In 2013, I started the Kern River Conservancy to help keep the Kern River clean and safe. It’s not a particularly romantic story: We just got tired of seeing trash and graffiti up and down the banks of our beautiful river. It was from there that we started organizing volunteers and cleaning up the river on an ongoing basis.
Four years later, we are still going strong and working to maintain the bustling economy of the river. This includes preserving ecotourism, hiking, fishing, camping, rafting and visiting Giant Sequoia National Monument and the Sequoia National Forest. Given the role ecotourism plays in the economy, I’m concerned about the Trump administration’s attempts to roll back protections for our country’s national monuments.
By instruction of the president, the Department of the Interior recently conducted a “review” of 27 national monuments throughout the country, including our own Giant Sequoia National Monument. The current administration is considering stripping the monument of the protections it so deserves. Public lands bring millions of dollars into our local economy. Should the administration follow through on eliminating protections for public lands, I fear many local economies will be affected as well.
I am further disheartened by the president’s recent actions to strip protections from Utah's Bears Ears and Grand Staircase-Escalante national monuments and Interior Secretary Ryan Zinke’s subsequent report calling for management and boundary changes to eight other national monuments, including Cascade-Siskiyou in Northern California. Californians should know that other national monuments in California could be the next on the chopping block.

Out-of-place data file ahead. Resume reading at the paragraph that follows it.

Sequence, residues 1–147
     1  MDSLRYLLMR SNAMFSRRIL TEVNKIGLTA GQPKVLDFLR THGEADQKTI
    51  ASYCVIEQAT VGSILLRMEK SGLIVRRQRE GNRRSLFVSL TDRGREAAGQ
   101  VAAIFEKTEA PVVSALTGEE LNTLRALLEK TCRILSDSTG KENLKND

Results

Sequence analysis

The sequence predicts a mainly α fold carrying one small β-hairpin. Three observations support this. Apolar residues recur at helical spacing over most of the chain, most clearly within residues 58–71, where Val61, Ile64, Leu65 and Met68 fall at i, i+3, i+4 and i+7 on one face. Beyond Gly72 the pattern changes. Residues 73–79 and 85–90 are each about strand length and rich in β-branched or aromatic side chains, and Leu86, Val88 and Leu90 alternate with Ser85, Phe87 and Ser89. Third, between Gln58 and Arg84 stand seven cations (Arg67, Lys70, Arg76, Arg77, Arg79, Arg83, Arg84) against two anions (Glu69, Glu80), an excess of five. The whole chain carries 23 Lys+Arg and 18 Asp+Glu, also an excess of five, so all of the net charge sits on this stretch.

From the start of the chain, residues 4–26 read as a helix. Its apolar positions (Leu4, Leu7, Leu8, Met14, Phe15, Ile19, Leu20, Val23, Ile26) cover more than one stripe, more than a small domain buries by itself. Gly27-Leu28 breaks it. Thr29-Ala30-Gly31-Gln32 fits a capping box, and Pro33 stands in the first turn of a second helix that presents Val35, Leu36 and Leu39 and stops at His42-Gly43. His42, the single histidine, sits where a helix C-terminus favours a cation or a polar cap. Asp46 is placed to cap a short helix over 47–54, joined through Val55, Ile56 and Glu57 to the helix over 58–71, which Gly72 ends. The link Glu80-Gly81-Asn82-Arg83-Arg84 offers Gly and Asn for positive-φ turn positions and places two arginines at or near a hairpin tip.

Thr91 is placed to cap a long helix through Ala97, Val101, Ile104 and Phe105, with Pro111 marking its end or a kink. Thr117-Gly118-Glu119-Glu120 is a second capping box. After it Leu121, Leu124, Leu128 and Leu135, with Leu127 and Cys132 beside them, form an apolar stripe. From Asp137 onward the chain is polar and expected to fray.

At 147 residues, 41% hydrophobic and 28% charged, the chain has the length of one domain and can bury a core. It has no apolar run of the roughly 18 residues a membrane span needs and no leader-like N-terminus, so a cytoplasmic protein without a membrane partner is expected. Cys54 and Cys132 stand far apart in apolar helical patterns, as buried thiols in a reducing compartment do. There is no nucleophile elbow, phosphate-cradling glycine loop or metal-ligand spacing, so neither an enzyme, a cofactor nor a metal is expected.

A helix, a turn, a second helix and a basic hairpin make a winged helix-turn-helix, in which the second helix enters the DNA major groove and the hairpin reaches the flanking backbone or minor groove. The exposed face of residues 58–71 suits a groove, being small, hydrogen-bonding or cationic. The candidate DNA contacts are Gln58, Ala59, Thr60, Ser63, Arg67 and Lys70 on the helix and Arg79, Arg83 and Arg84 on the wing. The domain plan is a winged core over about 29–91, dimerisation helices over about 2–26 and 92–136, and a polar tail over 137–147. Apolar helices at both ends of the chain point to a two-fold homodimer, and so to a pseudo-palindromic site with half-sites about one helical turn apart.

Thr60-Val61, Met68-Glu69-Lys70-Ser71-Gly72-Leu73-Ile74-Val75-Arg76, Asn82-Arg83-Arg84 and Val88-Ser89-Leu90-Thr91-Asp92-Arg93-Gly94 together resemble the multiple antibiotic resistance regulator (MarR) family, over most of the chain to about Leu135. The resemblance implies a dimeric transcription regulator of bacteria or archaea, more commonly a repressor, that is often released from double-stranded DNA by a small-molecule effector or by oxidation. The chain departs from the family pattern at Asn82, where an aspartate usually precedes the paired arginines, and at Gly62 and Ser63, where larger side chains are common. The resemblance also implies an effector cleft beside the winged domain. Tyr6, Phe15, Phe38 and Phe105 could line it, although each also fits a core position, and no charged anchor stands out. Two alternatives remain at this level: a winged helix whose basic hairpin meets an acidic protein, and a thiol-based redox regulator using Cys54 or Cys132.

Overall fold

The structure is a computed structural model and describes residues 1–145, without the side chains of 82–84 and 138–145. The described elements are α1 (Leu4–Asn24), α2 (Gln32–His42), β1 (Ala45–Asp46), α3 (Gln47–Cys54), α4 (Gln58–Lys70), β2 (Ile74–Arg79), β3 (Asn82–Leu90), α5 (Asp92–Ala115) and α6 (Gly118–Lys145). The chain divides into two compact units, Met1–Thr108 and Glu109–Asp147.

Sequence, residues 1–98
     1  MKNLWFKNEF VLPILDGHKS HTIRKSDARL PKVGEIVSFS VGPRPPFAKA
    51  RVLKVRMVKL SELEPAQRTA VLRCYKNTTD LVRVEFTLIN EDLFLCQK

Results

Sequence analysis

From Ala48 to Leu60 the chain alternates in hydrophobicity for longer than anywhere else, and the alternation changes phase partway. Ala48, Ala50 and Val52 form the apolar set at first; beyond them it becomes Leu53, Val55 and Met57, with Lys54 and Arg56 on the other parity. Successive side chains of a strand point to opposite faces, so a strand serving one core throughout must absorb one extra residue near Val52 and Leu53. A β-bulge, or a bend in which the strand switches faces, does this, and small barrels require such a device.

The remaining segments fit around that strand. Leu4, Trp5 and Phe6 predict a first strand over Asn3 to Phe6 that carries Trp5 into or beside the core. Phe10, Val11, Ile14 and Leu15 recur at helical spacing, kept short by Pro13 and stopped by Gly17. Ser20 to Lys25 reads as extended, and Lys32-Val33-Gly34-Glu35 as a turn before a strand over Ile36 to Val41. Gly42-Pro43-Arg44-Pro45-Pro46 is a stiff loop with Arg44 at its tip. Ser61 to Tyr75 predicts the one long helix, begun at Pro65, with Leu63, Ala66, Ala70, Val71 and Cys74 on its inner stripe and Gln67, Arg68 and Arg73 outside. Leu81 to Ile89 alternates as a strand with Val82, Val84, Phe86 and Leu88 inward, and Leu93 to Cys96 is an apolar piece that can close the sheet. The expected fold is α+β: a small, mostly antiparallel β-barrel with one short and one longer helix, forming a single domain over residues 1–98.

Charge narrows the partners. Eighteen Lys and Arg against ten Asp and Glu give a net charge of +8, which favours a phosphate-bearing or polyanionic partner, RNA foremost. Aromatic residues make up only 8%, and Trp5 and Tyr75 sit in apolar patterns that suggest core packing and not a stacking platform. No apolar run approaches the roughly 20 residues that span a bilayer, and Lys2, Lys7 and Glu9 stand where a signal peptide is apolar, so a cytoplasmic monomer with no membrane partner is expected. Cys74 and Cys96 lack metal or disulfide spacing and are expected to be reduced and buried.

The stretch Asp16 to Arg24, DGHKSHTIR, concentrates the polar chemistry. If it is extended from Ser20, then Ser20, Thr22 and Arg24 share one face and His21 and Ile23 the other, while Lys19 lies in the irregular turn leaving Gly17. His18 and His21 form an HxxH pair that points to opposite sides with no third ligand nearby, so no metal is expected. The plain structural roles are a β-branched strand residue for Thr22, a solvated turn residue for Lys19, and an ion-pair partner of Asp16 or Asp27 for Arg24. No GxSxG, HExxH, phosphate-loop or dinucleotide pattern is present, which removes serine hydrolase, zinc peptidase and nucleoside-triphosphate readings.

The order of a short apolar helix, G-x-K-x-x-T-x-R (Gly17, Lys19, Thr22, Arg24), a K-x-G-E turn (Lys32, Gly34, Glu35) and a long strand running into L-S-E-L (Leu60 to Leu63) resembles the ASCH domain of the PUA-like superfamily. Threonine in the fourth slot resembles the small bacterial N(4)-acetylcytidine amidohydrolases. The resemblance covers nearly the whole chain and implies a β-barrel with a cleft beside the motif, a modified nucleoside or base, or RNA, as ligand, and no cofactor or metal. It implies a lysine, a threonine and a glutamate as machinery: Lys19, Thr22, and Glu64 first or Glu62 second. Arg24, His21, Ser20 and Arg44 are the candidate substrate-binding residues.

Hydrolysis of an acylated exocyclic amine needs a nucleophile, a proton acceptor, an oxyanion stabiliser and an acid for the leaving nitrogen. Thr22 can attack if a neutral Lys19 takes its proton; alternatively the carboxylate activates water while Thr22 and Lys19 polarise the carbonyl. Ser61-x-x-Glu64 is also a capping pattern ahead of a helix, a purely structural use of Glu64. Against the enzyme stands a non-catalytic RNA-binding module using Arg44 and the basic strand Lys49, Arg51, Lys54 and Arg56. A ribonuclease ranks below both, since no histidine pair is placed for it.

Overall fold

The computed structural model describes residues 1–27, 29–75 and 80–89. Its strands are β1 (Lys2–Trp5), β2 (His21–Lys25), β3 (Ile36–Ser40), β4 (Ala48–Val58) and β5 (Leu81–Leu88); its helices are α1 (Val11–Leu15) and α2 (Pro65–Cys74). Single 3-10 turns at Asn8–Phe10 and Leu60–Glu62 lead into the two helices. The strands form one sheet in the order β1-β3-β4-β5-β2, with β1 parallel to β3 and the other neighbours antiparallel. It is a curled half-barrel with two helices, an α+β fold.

Public lands are the crown jewel of the United States. People from all walks of life come from around the world to visit Giant Sequoia National Monument. Recently, I developed a friendship with a man from India who comes to see the giant sequoia trees every year. He fell in in love with the forest when he first visited them as an international student in California. He now brings his family every single year to visit the Giant Sequoia monument. I share this story because it encapsulates what the monument means to so many throughout the world.
When people come from all over the world to visit Giant Sequoia National Monument, it means full hotels, busy restaurants, crowded bars and bustling stores in our community. A study by Headwaters Economics, a nonpartisan research firm, confirms the Giant Sequoia region experienced strong economic growth after the designation of the monument. Overall, outdoor recreation in our state generates approximately 691,000 jobs and $92 billion in consumer spending each year. Our public lands belong to all of us, and they are more than just beautiful sites to see. Ecotourism translates to more jobs and more dollars in our local economy.
Protecting our public lands requires the average person to stand up and do something. Our elected and appointed officials in Washington, D.C., work for us. So we must tell them how important national monuments are to communities like Kern County. If we stand by and do nothing, it is possible that in the future, there won’t be a Giant Sequoia monument to visit.
I encourage those of you who support the protection of Giant Sequoia National Monument and public lands throughout the country to take action and become a volunteer or steward of our public lands.
We must stand up for our public lands and our local economy — our rural communities depend on it.